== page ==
Boston Bruins v Vancouver Canucks - Game Seven

Poll: Can the Boston Bruins repeat as Stanley Cup champions in 2012?

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While the Boston Bruins were far from some ragtag eighth seed going into the 2011 Stanley Cup finals, few people outside of the Massachusetts area expected them to beat the mighty Vancouver Canucks. It wasn’t really about the Bruins, either; most people gave Boston a reasonable amount of respect as they chose the Canucks based on their sterling regular season and improving play as the postseason went along.

Those expectations went out the window beginning in Game 3 at TD Banknorth Garden in Boston, though. The Bruins played the Canucks tough in the two opening games of the series, but they showed that they more than belonged on the same ice sheet once the games shifted to their home. They used top notch defense from Zdeno Chara, historically great goaltending from Tim Thomas and an underrated (and diverse) offensive attack to dominate Vancouver 23-8 overall in the series while winning in Game 7.

Of course, after seeing the Chicago Blackhawks need a Dallas Stars defeat on the last game of the season to even get into the playoffs after dominating on their way to last year’s Cup, many wonder what’s in store for the Bruins. While it is impossible to predict how much of an impact aging (and having a new bulls-eye on their backs as defending champions) will have on the team, an earlier study of their off-season questions shows that Boston is in a good position for next season.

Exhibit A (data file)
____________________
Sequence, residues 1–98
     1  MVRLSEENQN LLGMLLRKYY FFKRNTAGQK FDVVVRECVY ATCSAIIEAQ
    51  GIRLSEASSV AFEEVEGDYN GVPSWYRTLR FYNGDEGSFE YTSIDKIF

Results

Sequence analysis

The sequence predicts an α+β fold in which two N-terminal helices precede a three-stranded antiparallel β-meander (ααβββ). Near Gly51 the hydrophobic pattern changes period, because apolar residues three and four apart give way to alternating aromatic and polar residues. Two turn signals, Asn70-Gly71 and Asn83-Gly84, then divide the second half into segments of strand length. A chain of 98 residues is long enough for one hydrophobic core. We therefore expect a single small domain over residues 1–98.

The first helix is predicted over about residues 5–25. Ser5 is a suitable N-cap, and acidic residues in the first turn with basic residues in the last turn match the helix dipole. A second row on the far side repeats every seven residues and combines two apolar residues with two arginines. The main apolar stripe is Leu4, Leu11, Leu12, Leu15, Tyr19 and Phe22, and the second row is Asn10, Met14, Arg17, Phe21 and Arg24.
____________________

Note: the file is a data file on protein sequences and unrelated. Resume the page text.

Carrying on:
Here is an updated version of those thoughts:

Boston will just try to make some tweaks

The Bruins roster probably won’t see too many huge changes. That’s not to say they lack a tough choice or two, though. Let’s take a look at their biggest free agent questions, keeping in mind that the Bruins will likely have about $8.3-$11.3 million to work with this summer.

Note: money amount refers to what they made in the 2010-11 season while their free agent status (restricted or unrestricted) is also listed.

Brad Marchand ($821K, restricted) – The agitating rookie was strong in the regular season (18 goals, 41 points) and nearly essential in the playoffs (19 points in 25 postseason games) as he lead all rookies in points. Despite Tyler Seguin‘s explosive two-game burst, Marchand has still been the best rookie in Boston. He scored seven points in the seven-game Stanley Cup finals, most notably two goals and one assist in a Game 7 that won’t be forgotten anytime soon … and certainly not at the negotiating table.